A brace of songs, a couple of unmitigated assaults of nutjob noise making and there for those with a need to bite through the chain and run rabid.  The Cavemen have their style, do not hold back and, on occasions like this, make for some solid success.



2 bands, 1 record!  2 units I have dealt with before, 1 opinion coming your way.  I like the ethos of split CD's, I like the ethos of Deadlamb Records and so far, I have enjoyed what I have heard from these 2-outfits.  I am not wasting time here - tis the music what matters, have a slice of this then.

Future Hate are a tempestuous band with a great gusto and a devouring accent. They hail from Mobile, Alabama and spit forth their noise with great punked venom and really make for a confounding cacophony to be reckoned with.  ' A Curse From Heaven' quickly spurts, spirals and throws a tantrum.  The opening thrustings are brattish and snotted with a fair threat brandished.  The song picks-up the impetus, thuds forth a good hateful and barbed attack with all intricacies both acute and in-line with the growing unease.   The structure of the song is not strictly orthodox, the band do what they do in their own style, there is a wonderful disgruntled unsettlement here - I am involved.  The second fist fuck up your oh so susceptible tender parts 'Comes In Waves' - a thrashing sub-sexy explosion of hormonal animal happening.  The loins of the lilt are worked with ardour, the inner system of sound is battered, clattered by held in line by some solid musical marksmanship.  The siren at the fore has a lovely snarl, the band compliment with a great slam and grind effect that really gets all juices flowing.  Of the two songs proffered I think this is my favourite - just!

Nomatrix come from the Emerald Isle, are a long-term crew with a fine DIY attitude.  The first offering puked up here is the neatly packaged onslaught of 'Vanity'.  The song rises on bubbling bass and builds a doom-laden intent before scatter-twatting with great haste and much disgust at the general 'me, me' situation out there.  Many only think of self and then throw in the odd token gesture to give the appearance of caring and being empathetic whilst all the while the scheme to get noted continues.  I like this terse burst of acidity, I like the switch in impetus and the contrast in the approach, Nomatrix still refuse to get entangled by unnecessary bollocks – I also like that.  The bands second offering is mid-paced, buzzes with enthusiasm, has a self-perpetuating gumption that sees the song move with decent liquidity.  There could have been an extra spark thrown in here I feel, but the band no doubt know best and I for one am finding nothing serious to gripe about.  The string work cuts to the core, the skin molestings are ravenous and the gob has the distinct accent I have come to know and love.  Not a bad do at all and completing a terse double injection of sonic goodness.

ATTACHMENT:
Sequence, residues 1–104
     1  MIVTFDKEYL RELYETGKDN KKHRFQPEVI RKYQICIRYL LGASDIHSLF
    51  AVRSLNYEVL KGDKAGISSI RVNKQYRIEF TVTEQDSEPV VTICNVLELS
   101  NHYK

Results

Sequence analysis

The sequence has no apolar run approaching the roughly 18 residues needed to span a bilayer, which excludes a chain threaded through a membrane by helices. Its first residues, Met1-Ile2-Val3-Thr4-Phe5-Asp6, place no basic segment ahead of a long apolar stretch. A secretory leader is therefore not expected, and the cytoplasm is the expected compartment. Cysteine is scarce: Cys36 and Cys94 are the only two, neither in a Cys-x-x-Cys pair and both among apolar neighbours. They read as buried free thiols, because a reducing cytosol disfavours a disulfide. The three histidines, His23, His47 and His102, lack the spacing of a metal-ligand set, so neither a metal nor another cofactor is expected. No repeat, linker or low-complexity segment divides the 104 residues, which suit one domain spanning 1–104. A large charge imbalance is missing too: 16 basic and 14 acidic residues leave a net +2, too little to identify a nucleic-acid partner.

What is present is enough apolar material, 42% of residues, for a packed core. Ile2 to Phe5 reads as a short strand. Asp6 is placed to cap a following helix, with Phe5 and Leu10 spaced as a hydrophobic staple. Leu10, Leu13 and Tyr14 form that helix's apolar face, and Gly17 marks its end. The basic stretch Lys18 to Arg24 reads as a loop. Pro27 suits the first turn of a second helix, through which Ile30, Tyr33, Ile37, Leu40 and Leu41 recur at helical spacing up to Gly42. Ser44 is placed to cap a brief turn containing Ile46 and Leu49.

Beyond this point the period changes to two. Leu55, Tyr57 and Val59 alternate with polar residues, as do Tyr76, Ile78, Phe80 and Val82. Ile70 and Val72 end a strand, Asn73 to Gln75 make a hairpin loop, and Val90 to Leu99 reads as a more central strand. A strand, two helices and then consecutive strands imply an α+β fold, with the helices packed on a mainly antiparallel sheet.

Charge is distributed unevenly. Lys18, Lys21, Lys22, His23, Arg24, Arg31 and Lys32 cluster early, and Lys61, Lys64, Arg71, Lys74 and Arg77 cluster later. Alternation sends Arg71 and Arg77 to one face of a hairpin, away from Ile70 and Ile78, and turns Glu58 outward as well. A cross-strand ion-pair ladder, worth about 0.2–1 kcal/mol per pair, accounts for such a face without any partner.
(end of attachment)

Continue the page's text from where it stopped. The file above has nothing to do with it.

4 songs from 2 bands that complement each other and help spread one another's word.  I think they should do this all over again, maybe get another band in the mix.  My advice is to make it 3-way split and encourage a few others to do the same and then all swap, share and contribute to the end DIY approach - why the Hell not? 



Hailing from The Motor City these Detroit dabblers rattle out a maniacal garage sound that highly appeals to my noisy neurones and shit-laden sonic sensors. The band copulate blues, punk, grunge and other flavours and spit out here a 4-track blaster for me to try and tackle. I grab the main prong of the output, wank it good and hard and find myself impregnated with enough goodness to scribble the forthcoming text.

'Life's Hard Lover' is a strong frontrunner - galloping along and kicking up great sods of turf that I for one am happy to get splat twatted by. The grooved guitar finds the lick, the bass and drums scatter and spray the rhythm and keep all energy levels lofted. The throat is seared and forced to expel heavily sweated and blood soaked verbals during some very scorched verses. The chorus is raw and snagging with the repeat-beat barbs doing enough to keep me enmeshed within the shrubbery of sound.  The youthful gusto, the foot-stamping hammering make this a gratifying explosion - I crack forth, enthused.

'Hedge Witch' twinges, taps, explodes.  The multi-angled punches come in spunked bunches whilst being followed by more highly roasted throat attacks and some heavy footed thumpings.  In the weave the band throw in some ad-hoc touches, play the circuit of sound with delicacy and brutality whilst all the while keeping things tuneful.  The inner heartbeat of the song is securing and the blend of all components is absolutely spot-on with enough garage'd feel to make one go for it.

'Multiple Maniac' begins with a radio-fied twitch, briefly cracks before travelling along in great lunatic haste.  The set-up of the song follows a formula now sussed but the band throw their balls and other bits onto the precipice of danger and therefore create a quite exciting situation.  The nervous glow radiated is strong, the hormone driven desire obvious and the sub-loutish suggestions are cracking.  There comes to the fore here the most manic song of the lot but the band keep things tight - like a cramped ring-piece holding onto a stash of dosh - nice.

The final molestation and fat squelchy bass begins before regulating sticks call for order and guitar warpings add groove.  The opening verse of 'End Up There' is held back but seasons the eavesdropping circuits with a suggestion of things on the brink.  It isn't long before the deliberate and stated collapses into a screaming tear-out of abandon that adds a perfect contrast and brings great uplift.  The crew just change tack here and offer an alternative arrangement that bodes well for future release - tis good to mix the pace.

I am impressed by this rich and riotous piece of manic music making here, tis a good burst from some players up for the task.  Tis good to be invigorated by a relished racket at my age, especially amid a saturated arena that spews up too much of the overly processed.